I recently heard from a small-business owner from New Jersey who wrote that he employs eight people and provides health insurance for all of them. But his policy goes up at least 20 percent each year, and today, it costs almost $1,400 per family per month—his highest business expense beside his employees' salaries. He's already had to let two of them go, and he may be forced to eliminate health insurance altogether. He wrote, simply: "I am not looking for free health care. I would just like to get my premiums reduced enough to be able to afford it."
Day after day, I hear from people just like him: workers worried they may lose their coverage if they become too sick or lose their job or change jobs; families who fear they may not be able to get insurance, or change insurance, if someone in their family has a preexisting condition; and small-business owners trying to make a living and do right by the people they employ.
These are the mom and pop stores and restaurants, beauty shops and construction companies that support families and sustain communities. They're the tiny startups with big ideas, hoping to become the next Google or Apple or HP. And, as shown in a new report released today by the White House Council of Economic Advisers, right now they are getting crushed by skyrocketing health care costs.
Because they lack the bargaining power that large businesses have and faced higher administrative costs per person, small businesses pay up to 18 percent more for the very same health insurance plans, costs that eat into their profits and get passed on to their employees.
As a result, small businesses are much less likely to offer health insurance. Those that do tend to have less generous plans. In a recent survey, one-third of small businesses reported cutting benefits. Many have dropped coverage altogether, and many have shed jobs or shut their doors entirely. This is unsustainable, it's unacceptable, and it's going to change when I sign health insurance reform into law.
Under the reform plans in Congress, small businesses will be able to purchase health insurance through an insurance exchange, a marketplace where they can compare the price, quality, and services of a wide variety of plans, many of which will provide better coverage at lower costs than the plans they have now. They can then pick the one that works best for them and their employees.
Small businesses that choose to insure their employees will also receive a tax credit to help them pay for it. If a small business chooses not to provide coverage, its employees can purchase high-quality, affordable coverage through the insurance exchange on their own. Low-income workers, folks who are more likely to be working at small businesses, will qualify for a subsidy to help them cover the costs.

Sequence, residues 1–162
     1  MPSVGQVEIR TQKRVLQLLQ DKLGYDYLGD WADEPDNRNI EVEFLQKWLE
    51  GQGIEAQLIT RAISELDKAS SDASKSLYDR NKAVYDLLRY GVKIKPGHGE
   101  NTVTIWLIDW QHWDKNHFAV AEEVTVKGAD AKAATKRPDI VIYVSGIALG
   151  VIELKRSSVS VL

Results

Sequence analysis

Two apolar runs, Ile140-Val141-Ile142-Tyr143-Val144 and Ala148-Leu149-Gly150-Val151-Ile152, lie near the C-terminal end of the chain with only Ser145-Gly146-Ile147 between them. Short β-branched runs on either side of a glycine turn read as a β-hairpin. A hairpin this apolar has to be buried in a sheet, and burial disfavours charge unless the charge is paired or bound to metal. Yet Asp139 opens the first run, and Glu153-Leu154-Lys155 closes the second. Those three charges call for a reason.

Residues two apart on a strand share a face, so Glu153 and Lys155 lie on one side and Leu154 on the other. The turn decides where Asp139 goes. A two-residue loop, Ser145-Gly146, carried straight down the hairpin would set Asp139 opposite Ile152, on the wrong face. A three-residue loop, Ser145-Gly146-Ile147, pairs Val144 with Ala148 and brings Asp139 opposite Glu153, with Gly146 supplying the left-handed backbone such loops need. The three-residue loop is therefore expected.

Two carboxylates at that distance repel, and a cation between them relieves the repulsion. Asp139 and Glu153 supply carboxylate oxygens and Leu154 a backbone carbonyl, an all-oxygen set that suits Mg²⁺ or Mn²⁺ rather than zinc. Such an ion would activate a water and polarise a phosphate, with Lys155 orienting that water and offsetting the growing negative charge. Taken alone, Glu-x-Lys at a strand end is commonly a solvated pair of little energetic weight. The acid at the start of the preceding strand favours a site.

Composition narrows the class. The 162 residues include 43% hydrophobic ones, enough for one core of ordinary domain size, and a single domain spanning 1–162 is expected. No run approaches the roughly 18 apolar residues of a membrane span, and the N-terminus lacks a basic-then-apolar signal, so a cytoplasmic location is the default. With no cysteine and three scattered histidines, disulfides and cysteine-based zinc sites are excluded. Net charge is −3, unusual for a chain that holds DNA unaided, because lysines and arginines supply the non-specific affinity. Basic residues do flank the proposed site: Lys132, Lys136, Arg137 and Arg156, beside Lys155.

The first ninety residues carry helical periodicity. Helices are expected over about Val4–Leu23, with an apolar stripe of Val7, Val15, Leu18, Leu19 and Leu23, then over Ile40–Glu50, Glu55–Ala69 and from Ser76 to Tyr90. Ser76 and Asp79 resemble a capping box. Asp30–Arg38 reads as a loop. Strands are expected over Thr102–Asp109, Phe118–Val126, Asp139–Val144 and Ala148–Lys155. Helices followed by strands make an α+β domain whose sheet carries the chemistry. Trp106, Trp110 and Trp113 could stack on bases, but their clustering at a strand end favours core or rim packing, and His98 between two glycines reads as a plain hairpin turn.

And no matter how you get your insurance, insurance companies will no longer be allowed to deny you coverage because of a preexisting condition. They won't be able to drop your coverage if you get too sick or lose your job or change jobs, and we'll limit the amount your insurance company can force you to pay out of your own pocket.
To view the new report and learn more about how health insurance reform will help small businesses, go to whitehouse.gov and send us your questions and comments. We'll answer as many of them as we can later this week.
Over the past few months, I've been pushing hard to make sure we finally address the need for health insurance reform, which has been deferred year after year, decade after decade. And today, after a lot of hard work in Congress, we are closer than ever before to finally passing reform that will reduce costs, expand coverage, and provide more choices for our families and businesses.
It's taken months to reach this point, and once this legislation passes, we'll need to move thoughtfully and deliberately to implement these reforms over a period of several years. That's why I feel such a sense of urgency about moving this process forward.
Now, I know there are those who are urging us to delay reform. And some of them have actually admitted that this is a tactic designed to stop any reform at all. Some have even suggested that, regardless of its merits, health care reform should be stopped as a way to inflict political damage on my administration. I'll leave it to them to explain that to the American people.
What I'm concerned about is the damage that's being done right now to the health of our families, the success of our businesses, and the long-term fiscal stability of our government. I'm concerned about hard-working folks who want nothing more than the security that comes with knowing they can get the care they need, when they need it. I'm concerned about the small-business owners who are asking for nothing more than a chance to seize their piece of the American Dream. I'm concerned about our children and our grandchildren who will be saddled with deficits that will continue piling up year after year unless we pass reform.
This debate is not a political game for these Americans, and they cannot afford to keep waiting for reform. We owe it to them to finally get it done, and to get it done this year. Thanks.